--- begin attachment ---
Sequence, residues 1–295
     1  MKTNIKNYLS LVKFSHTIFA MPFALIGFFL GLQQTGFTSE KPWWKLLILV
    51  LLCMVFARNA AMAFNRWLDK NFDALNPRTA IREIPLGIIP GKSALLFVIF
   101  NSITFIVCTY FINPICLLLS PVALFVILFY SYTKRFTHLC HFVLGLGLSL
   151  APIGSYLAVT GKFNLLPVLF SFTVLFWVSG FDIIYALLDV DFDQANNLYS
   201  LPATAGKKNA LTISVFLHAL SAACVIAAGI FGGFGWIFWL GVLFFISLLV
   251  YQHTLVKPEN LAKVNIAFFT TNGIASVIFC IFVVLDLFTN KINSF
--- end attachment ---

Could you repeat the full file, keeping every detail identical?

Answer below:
Sequence, residues 1–295
     1  MKTNIKNYLS LVKFSHTIFA MPFALIGFFL GLQQTGFTSE KPWWKLLILV
    51  LLCMVFARNA AMAFNRWLDK NFDALNPRTA IREIPLGIIP GKSALLFVIF
   101  NSITFIVCTY FINPICLLLS PVALFVILFY SYTKRFTHLC HFVLGLGLSL
   151  APIGSYLAVT GKFNLLPVLF SFTVLFWVSG FDIIYALLDV DFDQANNLYS
   201  LPATAGKKNA LTISVFLHAL SAACVIAAGI FGGFGWIFWL GVLFFISLLV
   251  YQHTLVKPEN LAKVNIAFFT TNGIASVIFC IFVVLDLFTN KINSF